Bill allowing community colleges to offer four-year degrees moves to full Senate

A bill before the Senate could allow Austin Community College to offer four-year degrees in nursing.

A bill before the Senate could allow Austin Community College to offer four-year degrees in nursing.

Austin Community College and other two-year public community college systems in Texas may soon be able to offer bachelor's degrees in certain fields if a Senate bill becomes law.

Senate Bill 2118, filed by Sen. Kel Seliger, R-Amarillo, states the Texas Higher Education Coordinating Board has the right to authorize public junior colleges, or community colleges, to offer four-year baccalaureate degrees in applied science, applied technology and nursing.

It was voted out of the Senate Higher Education Committee to the full Senate yesterday.

“This would allow for a more comprehensive and statewide approach to this matter and better ensure community colleges are able to meet the needs of the state,” Seliger said.

SB 2118 is one of more than a dozen similar bills filed this legislative session that call for certain community colleges to be granted the right to offer bachelor's degrees. Seliger's bill would apply to every community college in the state, should they wish to pursue it.

South Texas College, Midland College, Tyler Junior College and Brazosport College are the only community colleges in Texas that can currently offer bachelor's degrees.

The process could take as long as two years, according to Rex Peebles, assistant commissioner of the THECB.

"That’s going to cause some institutions to think a little bit about how they want to do it, what they want to do, do they have the resources and the capacity for it," he said.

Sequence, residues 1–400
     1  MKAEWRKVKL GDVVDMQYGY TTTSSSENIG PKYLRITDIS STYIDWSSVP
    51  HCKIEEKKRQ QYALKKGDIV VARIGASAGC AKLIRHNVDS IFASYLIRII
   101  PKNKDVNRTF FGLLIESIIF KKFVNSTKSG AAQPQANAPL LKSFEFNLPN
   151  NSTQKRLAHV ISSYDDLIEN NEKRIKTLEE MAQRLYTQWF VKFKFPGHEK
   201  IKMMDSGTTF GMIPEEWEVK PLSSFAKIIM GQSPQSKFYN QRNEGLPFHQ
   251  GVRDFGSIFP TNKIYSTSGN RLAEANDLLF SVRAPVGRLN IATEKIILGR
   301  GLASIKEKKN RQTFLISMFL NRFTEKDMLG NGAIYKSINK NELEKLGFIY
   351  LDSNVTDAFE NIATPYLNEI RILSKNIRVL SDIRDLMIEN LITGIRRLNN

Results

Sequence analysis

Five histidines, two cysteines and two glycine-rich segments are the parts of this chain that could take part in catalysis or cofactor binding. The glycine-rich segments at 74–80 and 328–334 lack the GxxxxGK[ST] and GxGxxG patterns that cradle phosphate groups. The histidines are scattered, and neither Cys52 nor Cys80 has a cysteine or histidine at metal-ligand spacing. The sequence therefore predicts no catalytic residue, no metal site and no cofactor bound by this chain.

Sen. Royce West, D-Dallas, said he wanted to make sure there was a "clear pathway" to getting community colleges accredited.

Seliger's bill states the THECB must consider workforce demand in the area of study; whether the associate degree program offered by the junior college in the same field has been successful; whether enough interest will be generated to support student enrollment; and whether the college has the facilities in place for the program. It must also ensure the program would not draw faculty employed by a neighboring institution offering a similar program.

ACC has been pursuing an RN-to-BSN degree for at least three years. If state lawmakers vote this bill into law, ACC and other community colleges interested in pursuing this must then apply to receive program accreditation through the Southern Association of Colleges and Schools Commission on Colleges by proving the critical need for nurses with a bachelor’s degree.

ACC President and CEO Richard Rhodes told Community Impact Newspaper in January he thinks the four-year nursing degree will be implemented 1-2 years after ACC receives accreditation.

The Texas Center for Nursing Workforce Studies predicts the state will face a shortage of all nurse types by 2030. The organization projects a 20 percent shortage in full-time registered nurses by 2030.

"This RN-to-BSN bill will strengthen the nursing pipeline in Central Texas," Rhodes said today in a statement. "That means ACC can continue to provide the critical training our community needs."

He said the college system appreciated the support of state legislators and called their approval a "vote of confidence in ACC."


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